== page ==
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Day 162 – End of the Wild


The End of the World


“My company just opened a road, it will be much more peaceful than the main road.”

That was all it took for us to decide to follow the advice of the middle-aged business man sitting next to us in a café in Krastë, central Albania. Leaving the forest and heading to Kraste we had crossed exclusively minibuses which clanked down the roads dangerously fast, filled to the brim with miners. In his book, Land of Eagles, Robin Hansbury-Tension compares the town of Krastë to the end of the world, with its derelict communist buildings and the transitory nature of the local miners.

The night before we camped in an open meadow nestled the mountains, an icy stream winding through the middle with rich lush grass for the horses. Not a soul for miles around – the nearest town was Bizë, and it was totally abandoned. The rich smell of wild mountain strawberries was all around – a sharp contrast to the odor of greasy burnt meat and sweaty miners that presently enveloped us.

“Okay, show us where it is.”


He indicated to us on the map where the turn would be and said he would tell his foreman to expect us; we could camp in a meadow by the river and continue down the road in the morning.

A Road to Progress

As the horses walked along the dirt path, wide enough only for a work truck, we looked out over countryside. The homes were mostly abandoned and crumbling but the canyon was stunning. Maybe this road would bring the families back. We arrived at dusk by the meadow and the foreman showed us a path down.

In the morning, the owner came by to see how we’d slept and told us more about the road. It was being built by his construction company so that his brother, who had received financing for a hydroelectric plant, could begin construction on the river.

“This river? Is it even big enough to produce power?

“Yes, yes, of course, we’ve done the calculations.”

We remembered our time spent with TOKA, and the documentary Blue Heart  and knew what he said was bullshit; this type of development, building expensive roads that only 4X4 trucks can drive and hydroelectric plants that will never run, is happening all over Albania. We didn’t approve of his activities, but he had helped us out and we held our tongues.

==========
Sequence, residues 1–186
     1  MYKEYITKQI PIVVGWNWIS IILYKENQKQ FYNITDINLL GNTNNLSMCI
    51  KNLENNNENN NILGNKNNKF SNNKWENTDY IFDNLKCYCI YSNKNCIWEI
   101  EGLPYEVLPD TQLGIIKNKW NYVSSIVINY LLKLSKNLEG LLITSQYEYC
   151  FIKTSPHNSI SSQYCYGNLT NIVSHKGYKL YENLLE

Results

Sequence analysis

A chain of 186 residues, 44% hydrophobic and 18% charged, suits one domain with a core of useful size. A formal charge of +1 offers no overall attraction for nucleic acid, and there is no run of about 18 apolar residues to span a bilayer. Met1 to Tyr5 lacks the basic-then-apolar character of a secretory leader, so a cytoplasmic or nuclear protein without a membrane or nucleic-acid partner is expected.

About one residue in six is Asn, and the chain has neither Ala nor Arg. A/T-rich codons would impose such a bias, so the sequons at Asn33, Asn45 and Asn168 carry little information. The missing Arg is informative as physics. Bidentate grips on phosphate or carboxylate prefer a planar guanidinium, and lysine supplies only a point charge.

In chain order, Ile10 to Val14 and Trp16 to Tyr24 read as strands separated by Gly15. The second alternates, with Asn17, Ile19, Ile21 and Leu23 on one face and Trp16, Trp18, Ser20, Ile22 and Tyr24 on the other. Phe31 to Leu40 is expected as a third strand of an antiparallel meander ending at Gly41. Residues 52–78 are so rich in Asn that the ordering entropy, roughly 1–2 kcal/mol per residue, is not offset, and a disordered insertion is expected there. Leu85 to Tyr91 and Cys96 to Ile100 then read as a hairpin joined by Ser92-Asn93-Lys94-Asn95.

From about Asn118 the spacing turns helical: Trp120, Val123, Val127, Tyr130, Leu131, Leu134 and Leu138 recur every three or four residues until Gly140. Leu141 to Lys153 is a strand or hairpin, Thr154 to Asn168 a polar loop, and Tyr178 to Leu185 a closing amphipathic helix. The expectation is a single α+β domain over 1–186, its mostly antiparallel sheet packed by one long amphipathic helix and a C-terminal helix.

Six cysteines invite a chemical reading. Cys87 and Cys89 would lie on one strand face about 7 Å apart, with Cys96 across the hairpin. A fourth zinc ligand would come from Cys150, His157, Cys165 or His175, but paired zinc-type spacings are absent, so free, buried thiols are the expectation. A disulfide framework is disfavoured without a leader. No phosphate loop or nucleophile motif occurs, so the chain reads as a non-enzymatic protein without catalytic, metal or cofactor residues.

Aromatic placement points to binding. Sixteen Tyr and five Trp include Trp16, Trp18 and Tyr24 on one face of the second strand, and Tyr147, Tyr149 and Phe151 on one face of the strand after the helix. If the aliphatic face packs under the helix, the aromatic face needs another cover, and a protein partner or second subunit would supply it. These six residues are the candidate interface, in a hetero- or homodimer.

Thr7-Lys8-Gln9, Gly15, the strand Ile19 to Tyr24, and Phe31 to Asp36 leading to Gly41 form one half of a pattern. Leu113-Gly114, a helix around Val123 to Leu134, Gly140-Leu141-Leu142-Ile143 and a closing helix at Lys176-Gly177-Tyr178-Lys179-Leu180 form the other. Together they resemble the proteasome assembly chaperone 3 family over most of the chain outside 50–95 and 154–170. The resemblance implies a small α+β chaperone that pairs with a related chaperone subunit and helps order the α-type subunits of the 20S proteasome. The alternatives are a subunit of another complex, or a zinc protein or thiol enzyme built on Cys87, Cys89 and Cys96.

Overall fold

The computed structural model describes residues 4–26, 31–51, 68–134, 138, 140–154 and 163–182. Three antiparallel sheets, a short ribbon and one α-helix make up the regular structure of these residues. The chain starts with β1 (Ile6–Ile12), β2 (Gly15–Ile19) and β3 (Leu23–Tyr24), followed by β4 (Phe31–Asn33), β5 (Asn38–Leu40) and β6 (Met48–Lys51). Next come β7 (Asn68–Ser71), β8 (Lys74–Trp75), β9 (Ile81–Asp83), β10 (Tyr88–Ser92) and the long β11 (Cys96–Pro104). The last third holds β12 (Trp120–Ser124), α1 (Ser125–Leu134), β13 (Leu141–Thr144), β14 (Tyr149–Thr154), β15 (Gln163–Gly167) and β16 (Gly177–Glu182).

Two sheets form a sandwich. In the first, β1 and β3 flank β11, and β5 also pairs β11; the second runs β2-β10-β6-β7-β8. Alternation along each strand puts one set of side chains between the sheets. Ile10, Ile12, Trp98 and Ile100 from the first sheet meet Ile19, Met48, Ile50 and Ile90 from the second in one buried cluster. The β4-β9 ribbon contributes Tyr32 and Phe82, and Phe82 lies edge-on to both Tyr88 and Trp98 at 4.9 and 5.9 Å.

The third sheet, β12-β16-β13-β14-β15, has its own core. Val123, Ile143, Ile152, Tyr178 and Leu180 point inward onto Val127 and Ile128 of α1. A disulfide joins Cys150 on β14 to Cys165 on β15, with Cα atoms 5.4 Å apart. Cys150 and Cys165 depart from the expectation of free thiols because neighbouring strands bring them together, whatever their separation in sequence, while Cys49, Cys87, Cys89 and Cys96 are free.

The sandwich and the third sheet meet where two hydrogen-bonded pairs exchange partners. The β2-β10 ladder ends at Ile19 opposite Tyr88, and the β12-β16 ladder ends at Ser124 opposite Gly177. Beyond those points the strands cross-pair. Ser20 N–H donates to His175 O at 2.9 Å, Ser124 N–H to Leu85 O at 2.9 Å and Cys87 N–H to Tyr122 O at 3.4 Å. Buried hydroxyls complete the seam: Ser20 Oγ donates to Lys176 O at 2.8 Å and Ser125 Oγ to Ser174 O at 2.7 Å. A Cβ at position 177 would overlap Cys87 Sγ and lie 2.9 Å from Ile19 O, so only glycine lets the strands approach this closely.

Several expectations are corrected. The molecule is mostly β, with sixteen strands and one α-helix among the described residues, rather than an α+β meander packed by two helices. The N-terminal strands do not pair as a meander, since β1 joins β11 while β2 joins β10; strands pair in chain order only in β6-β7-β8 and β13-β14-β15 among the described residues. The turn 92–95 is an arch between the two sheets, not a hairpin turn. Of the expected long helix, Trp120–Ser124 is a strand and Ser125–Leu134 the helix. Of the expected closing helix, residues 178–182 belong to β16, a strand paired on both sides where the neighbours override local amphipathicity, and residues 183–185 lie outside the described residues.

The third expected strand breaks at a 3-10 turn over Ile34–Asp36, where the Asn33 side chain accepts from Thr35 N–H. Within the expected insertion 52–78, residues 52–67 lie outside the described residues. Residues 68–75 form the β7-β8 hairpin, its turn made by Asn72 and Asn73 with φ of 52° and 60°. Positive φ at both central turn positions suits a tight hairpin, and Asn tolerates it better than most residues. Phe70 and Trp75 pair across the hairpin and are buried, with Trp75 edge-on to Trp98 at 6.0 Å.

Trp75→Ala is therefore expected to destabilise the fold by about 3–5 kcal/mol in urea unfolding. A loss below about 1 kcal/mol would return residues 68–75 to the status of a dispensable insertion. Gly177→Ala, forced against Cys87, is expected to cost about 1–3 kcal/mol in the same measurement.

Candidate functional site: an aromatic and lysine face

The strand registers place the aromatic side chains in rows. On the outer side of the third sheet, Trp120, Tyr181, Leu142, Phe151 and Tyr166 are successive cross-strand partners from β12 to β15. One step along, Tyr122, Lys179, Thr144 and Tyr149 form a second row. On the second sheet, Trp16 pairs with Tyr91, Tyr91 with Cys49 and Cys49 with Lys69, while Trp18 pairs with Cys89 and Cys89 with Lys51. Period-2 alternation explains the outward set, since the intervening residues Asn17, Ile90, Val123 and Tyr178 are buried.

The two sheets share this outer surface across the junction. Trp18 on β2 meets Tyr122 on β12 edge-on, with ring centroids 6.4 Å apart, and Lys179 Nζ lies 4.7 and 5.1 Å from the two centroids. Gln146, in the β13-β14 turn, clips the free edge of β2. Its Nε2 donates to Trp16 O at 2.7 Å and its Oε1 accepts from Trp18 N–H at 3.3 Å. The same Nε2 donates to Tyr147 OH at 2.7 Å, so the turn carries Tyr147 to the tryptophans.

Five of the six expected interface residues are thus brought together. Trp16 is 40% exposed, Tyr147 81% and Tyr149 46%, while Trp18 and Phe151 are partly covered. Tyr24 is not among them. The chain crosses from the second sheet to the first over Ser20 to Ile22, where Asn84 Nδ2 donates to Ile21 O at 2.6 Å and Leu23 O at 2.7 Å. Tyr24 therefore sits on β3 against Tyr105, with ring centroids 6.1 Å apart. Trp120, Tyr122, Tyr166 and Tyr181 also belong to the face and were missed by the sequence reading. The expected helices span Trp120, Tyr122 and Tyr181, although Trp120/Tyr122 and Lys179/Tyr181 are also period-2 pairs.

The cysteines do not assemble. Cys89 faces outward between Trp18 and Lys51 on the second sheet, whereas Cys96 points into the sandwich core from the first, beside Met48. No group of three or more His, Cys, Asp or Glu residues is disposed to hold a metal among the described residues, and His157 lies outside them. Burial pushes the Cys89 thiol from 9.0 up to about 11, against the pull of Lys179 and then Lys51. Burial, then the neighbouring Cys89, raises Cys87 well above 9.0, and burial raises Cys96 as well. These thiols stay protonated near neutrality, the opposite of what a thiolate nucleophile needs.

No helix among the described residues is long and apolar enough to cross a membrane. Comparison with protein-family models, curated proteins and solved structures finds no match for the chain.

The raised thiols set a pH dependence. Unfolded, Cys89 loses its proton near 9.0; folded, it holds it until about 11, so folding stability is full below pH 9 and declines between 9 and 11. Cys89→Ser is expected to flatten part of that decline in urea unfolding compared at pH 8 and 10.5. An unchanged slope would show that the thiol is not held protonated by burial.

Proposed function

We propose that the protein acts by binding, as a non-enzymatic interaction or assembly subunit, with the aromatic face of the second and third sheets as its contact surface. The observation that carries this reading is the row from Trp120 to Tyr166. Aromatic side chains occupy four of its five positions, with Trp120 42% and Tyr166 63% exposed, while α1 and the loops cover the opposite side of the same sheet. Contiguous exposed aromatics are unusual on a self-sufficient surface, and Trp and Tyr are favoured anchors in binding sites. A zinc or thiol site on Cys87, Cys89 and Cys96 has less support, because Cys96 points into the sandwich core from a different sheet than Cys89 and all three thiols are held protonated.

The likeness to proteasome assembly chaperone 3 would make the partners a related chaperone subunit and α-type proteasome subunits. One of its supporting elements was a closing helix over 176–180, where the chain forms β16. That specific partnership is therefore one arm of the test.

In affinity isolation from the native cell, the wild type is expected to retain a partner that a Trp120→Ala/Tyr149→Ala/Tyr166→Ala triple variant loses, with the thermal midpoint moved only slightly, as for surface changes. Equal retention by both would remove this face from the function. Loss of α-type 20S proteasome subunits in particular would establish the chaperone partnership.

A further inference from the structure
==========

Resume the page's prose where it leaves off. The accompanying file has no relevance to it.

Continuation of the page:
Learning this road had been built for a hydropower plant and would not make any useful paths for the locals, most of whom were already gone, put a big damper on the morning. The canyon was magnificent, rich green, dramatically rocky and full of wildlife. We felt like we watching the hangman prepare his noose for this fragile ecosystem. But we couldn’t let these feelings sink in, because a surprise was in store for us.

Into the Dark


The road had been bulldozed along the ridge, and dynamite had blasted through the rock to build tunnels, the most direct path. Being manmade, tunnels are rarely something horses have to confront and the darkness, damp smell and confined space can be stressful for them. In front of us loomed our first tunnel, 800 meters long. It was pitch black, meaning no active construction was taking place. We strapped on our headlamps, said a quick prayer that the horses would keep their nerve and marched in. Griva placed her muzzle just below Ashley’s elbow and kept it there the length of the tunnel, bravely leading the rest of the herd through. The following tunnels were full of work crews, quite surprised to find two riders and three horses coming through their active construction site. They were well lit, and the horses took this new development in stride, though we all exhaled a sigh of relief when we finished this new road and found an old trail to take us to Bulqize.


The next night we finally climbed back into the mountains. We made camp early in a beautiful prairie with a watering hole, far away from progress and development. Maybe this trip is making us anti-social but if the notorious mining region of Bulqize is what progress looks like, we don’t want any of it.

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